An afternoon of inspiration.

On September 28, 2016 SDN Denmark hosted a successful afternoon event focused on the theme of disruptive innovation.

Create a culture where failure is accepted!

More and more organisations around the world are thinking in a different way about how they work. This event provided a dynamic platform for designers, business owners and anyone else eager for change to explore innovative service design approaches to new products and services. 

Speakers also reflected upon their experience within the increasingly important topic of organisational change. Dave Ellis (Kingfisher Digital) gave a talk on “Changing the Way of Creating New Products & Services at Kingfisher” and shared his initial insights on building an in-house design team within the Kingfisher organisation. Balder Onarheim (Associate Professor at DTU) presented “The Elements of Disruptive 
Innovation” and discussed various academic models of disruption.

Highlights from the event
  • When building in-house design teams - Find support in the organisation.
  • Work in agile teams - Designers and developers work together and find a shared understanding.
  • Culture is key - Develop a culture where failure is accepted.
  • It is important to set the constraints right. 
  • The most common definition of disruptive innovation is: “A disruptive innovation is an innovation that creates a new market and value network and eventually disrupts an existing market and value network, displacing established market leaders and alliances.” Harvard Business School professor Clayton M. Christensen, 1995.
  • In an academic sense, disruption and radical innovation is the same. 
  • The difference between incremental innovation and disruption is more tricky. Normally it is described as either the one or the other. Onarheim likes to see it as when making innovation you operate on a scale where one endpoint is incremental innovation and the other disruption.
Moderating the day: Katrine Rau from FJORD Copenhagen --
Moderating the day: Katrine Rau from FJORD Copenhagen

“A disruptive innovation is an innovation that creates a new market and value network and eventually disrupts an existing market and value network, displacing established market leaders and alliances.”

Speakers & Panelists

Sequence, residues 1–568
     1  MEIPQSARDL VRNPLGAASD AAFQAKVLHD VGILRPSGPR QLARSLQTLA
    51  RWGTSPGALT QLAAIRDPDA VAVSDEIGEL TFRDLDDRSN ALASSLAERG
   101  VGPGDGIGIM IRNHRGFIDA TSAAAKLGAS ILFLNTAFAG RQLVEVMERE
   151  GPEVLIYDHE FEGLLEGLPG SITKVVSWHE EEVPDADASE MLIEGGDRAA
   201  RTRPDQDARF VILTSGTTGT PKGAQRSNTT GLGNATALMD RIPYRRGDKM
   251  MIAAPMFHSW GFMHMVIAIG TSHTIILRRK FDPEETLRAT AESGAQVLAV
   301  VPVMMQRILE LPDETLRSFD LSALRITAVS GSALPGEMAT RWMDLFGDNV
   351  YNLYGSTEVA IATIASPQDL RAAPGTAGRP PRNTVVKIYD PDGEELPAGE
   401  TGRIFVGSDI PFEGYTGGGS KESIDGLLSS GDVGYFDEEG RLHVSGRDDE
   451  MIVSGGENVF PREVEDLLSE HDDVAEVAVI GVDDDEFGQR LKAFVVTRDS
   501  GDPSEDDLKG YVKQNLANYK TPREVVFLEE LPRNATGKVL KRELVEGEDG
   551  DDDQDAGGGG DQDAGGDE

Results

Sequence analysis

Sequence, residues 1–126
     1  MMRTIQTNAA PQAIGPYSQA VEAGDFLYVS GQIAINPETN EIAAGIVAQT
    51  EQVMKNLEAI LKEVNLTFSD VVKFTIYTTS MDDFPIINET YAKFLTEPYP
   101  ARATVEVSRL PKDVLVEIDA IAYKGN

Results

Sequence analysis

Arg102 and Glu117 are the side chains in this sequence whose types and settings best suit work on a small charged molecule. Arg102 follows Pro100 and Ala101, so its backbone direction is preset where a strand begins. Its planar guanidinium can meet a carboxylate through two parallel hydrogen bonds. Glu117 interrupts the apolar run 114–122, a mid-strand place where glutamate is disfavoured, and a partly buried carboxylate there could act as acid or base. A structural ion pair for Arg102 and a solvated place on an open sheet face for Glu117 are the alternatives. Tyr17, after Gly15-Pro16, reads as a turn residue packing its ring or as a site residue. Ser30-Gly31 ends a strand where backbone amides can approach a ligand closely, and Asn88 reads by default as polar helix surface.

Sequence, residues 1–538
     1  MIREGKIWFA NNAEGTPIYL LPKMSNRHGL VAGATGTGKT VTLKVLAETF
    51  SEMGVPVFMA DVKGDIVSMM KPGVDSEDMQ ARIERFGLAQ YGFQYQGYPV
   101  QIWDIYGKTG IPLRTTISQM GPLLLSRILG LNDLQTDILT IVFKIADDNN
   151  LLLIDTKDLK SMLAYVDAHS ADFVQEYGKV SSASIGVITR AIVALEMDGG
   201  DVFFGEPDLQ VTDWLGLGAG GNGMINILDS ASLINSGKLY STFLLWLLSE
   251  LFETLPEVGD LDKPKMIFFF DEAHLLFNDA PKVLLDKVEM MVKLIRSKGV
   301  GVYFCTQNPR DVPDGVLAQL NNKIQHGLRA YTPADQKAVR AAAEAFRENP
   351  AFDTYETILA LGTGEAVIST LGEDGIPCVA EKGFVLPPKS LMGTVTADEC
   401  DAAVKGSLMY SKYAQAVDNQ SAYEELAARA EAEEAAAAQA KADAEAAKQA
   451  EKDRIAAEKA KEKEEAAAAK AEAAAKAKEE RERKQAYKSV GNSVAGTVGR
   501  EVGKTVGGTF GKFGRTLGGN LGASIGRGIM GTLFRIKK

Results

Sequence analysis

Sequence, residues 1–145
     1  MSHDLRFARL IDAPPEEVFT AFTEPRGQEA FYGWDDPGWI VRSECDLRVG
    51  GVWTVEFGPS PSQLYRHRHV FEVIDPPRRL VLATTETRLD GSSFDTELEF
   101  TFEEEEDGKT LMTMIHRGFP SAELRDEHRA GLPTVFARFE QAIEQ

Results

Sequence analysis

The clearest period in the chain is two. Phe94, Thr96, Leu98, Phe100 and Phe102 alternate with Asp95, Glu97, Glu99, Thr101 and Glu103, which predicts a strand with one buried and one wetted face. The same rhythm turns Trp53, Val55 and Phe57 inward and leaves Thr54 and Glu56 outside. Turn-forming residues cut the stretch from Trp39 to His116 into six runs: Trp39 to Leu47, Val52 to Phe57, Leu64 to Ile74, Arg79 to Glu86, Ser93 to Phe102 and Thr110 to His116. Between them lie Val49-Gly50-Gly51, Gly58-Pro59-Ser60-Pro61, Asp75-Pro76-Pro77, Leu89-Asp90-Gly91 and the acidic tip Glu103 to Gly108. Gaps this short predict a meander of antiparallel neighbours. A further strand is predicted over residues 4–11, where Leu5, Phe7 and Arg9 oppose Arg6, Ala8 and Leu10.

• Dave Ellis, Venture Lead at Kingfisher Digital
  • Balder Onarheim, Associate Professor at DTU & Founder of PlatoScience
  • Celia Romaniuk, Group Design Director at FJORD
  • Moderator Katrine Rau, Group Director at FJORD Copenhagen
Dave Ellis, Balder Onarheim and Celia Romaniuk in a panel debate

Lots of people joined in

All available seats for the event quickly got filled up and the energy in the room was strong.

Related Headlines

SDN Chapters TP 15-1 Service Design at the Dawn of AI | Roundtable

TP 15-1 Service Design at the Dawn of AI | Roundtable

On June 26th 2024, we are holding a special event connected to the publication of the most recent issue of Touchpoint, the journal of service design. The issue explores the latest thinking — and hands-on application — around service design and AI.

Continue reading
SDN Chapters Service Design Global Conference 2024 - Register for the event

Service Design Global Conference 2024 - Register for the event

Registration for the Service Design Global Conference (SDGC24) is open. You can register on the conference website for both in-person and virtual attendance. See you in October in Helsinki and online!

Continue reading
SDN Global News Touchpoint Vol. 15 No. 1 | Service Design at the Dawn of AI is out!

Touchpoint Vol. 15 No. 1 | Service Design at the Dawn of AI is out!

What you are about to read is the latest thinking — and hands-on application — around service design and AI.

Continue reading
SDN Chapters Call for papers extended deadline | Submit your abstract until May 5th

Call for papers extended deadline | Submit your abstract until May 5th

Service designers work within a unique context. Because our work influences service innovation, improvement and delivery across lengthy and often complex customer lifecycles, we must work closely with stakeholders from across our organisations, and even beyond. While we aim for deep expertise in our own practice, we must also familiarise ourselves with the ways many others work

Continue reading